Mondaq reserves the right, in its sole discretion, to take any action that it deems necessary and appropriate in the event it considers that there is a breach or threatened breach of the Terms.

Mondaq’s Rights and Obligations

Unless otherwise expressly set out to the contrary, nothing in these Terms shall serve to transfer from Mondaq to you, any Intellectual Property Rights owned by and/or licensed to Mondaq and all rights, title and interest in and to such Intellectual Property Rights will remain exclusively with Mondaq and/or its licensors.

Mondaq shall use its reasonable endeavours to make the Website and Services available to you at all times, but we cannot guarantee an uninterrupted and fault free service.

Mondaq reserves the right to make changes to the services and/or the Website or part thereof, from time to time, and we may add, remove, modify and/or vary any elements of features and functionalities of the Website or the services.

Mondaq also reserves the right from time to time to monitor your Use of the Website and/or services.


The Content is general information only. It is not intended to constitute legal advice or seek to be the complete and comprehensive statement of the law, nor is it intended to address your specific requirements or provide advice on which reliance should be placed. Mondaq and/or its Contributors and other suppliers make no representations about the suitability of the information contained in the Content for any purpose. All Content provided "as is" without warranty of any kind. Mondaq and/or its Contributors and other suppliers hereby exclude and disclaim all representations, warranties or guarantees with regard to the Content, including all implied warranties and conditions of merchantability, fitness for a particular purpose, title and non-infringement. To the maximum extent permitted by law, Mondaq expressly excludes all representations, warranties, obligations, and liabilities arising out of or in connection with all Content. In no event shall Mondaq and/or its respective suppliers be liable for any special, indirect or consequential damages or any damages whatsoever resulting from loss of use, data or profits, whether in an action of contract, negligence or other tortious action, arising out of or in connection with the use of the Content or performance of Mondaq’s Services.


Mondaq may alter or amend these Terms by amending them on the Website. By continuing to Use the Services and/or the Website after such amendment, you will be deemed to have accepted any amendment to these Terms.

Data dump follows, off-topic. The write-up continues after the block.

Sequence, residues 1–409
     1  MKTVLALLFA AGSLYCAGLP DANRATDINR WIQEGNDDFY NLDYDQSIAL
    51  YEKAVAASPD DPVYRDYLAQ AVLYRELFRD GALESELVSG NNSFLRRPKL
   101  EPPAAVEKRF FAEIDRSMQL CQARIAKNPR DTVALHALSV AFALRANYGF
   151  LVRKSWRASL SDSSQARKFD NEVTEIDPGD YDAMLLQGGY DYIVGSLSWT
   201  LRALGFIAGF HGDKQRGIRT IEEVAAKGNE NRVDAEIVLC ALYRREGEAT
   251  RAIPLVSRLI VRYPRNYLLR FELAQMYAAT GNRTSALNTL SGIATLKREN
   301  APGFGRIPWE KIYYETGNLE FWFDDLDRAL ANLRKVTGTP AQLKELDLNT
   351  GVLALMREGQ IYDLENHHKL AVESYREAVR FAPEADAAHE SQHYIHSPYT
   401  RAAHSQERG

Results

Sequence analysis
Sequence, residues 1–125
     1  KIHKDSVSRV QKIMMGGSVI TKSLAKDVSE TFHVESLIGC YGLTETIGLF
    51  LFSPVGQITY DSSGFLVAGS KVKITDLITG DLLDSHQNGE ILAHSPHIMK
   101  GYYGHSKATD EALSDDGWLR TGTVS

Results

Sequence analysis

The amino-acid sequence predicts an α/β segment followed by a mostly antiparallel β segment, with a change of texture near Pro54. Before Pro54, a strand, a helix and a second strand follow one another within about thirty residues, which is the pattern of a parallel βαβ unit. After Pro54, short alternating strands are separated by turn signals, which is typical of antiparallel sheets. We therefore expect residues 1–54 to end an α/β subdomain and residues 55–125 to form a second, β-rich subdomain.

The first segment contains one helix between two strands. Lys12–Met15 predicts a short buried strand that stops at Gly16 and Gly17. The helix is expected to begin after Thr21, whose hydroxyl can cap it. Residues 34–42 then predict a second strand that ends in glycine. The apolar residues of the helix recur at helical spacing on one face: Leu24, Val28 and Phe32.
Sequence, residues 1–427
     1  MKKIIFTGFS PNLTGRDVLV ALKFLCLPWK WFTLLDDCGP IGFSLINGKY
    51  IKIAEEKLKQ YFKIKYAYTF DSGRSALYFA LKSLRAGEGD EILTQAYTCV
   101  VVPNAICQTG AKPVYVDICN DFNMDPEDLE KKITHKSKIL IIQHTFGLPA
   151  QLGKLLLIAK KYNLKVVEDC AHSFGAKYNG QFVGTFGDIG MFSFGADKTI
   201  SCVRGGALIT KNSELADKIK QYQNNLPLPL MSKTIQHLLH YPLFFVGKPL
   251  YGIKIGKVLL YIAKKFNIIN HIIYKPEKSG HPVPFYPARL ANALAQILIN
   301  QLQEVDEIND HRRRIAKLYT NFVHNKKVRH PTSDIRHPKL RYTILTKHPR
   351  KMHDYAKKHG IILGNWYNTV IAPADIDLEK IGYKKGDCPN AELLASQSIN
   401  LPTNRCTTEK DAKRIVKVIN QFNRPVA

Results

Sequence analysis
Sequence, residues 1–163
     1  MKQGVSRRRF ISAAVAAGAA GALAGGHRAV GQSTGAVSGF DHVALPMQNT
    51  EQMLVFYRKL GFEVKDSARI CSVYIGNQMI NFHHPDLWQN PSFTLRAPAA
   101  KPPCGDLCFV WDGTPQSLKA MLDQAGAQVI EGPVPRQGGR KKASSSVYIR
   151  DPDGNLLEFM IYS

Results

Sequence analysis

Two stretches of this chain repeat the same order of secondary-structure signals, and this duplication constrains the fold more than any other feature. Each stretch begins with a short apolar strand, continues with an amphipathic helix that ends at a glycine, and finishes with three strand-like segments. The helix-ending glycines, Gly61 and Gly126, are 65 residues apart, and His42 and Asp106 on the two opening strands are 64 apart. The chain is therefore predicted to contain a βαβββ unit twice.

These Terms shall be governed by and construed in accordance with the laws of England and Wales and you irrevocably submit to the exclusive jurisdiction of the courts of England and Wales to settle any dispute which may arise out of or in connection with these Terms. If you live outside the United Kingdom, English law shall apply only to the extent that English law shall not deprive you of any legal protection accorded in accordance with the law of the place where you are habitually resident ("Local Law"). In the event English law deprives you of any legal protection which is accorded to you under Local Law, then these terms shall be governed by Local Law and any dispute or claim arising out of or in connection with these Terms shall be subject to the non-exclusive jurisdiction of the courts where you are habitually resident.

You may print and keep a copy of these Terms, which form the entire agreement between you and Mondaq and supersede any other communications or advertising in respect of the Service and/or the Website.

No delay in exercising or non-exercise by you and/or Mondaq of any of its rights under or in connection with these Terms shall operate as a waiver or release of each of your or Mondaq’s right. Rather, any such waiver or release must be specifically granted in writing signed by the party granting it.

If any part of these Terms is held unenforceable, that part shall be enforced to the maximum extent permissible so as to give effect to the intent of the parties, and the Terms shall continue in full force and effect.

Mondaq shall not incur any liability to you on account of any loss or damage resulting from any delay or failure to perform all or any part of these Terms if such delay or failure is caused, in whole or in part, by events, occurrences, or causes beyond the control of Mondaq. Such events, occurrences or causes will include, without limitation, acts of God, strikes, lockouts, server and network failure, riots, acts of war, earthquakes, fire and explosions.

By clicking Register you state you have read and agree to our Terms and Conditions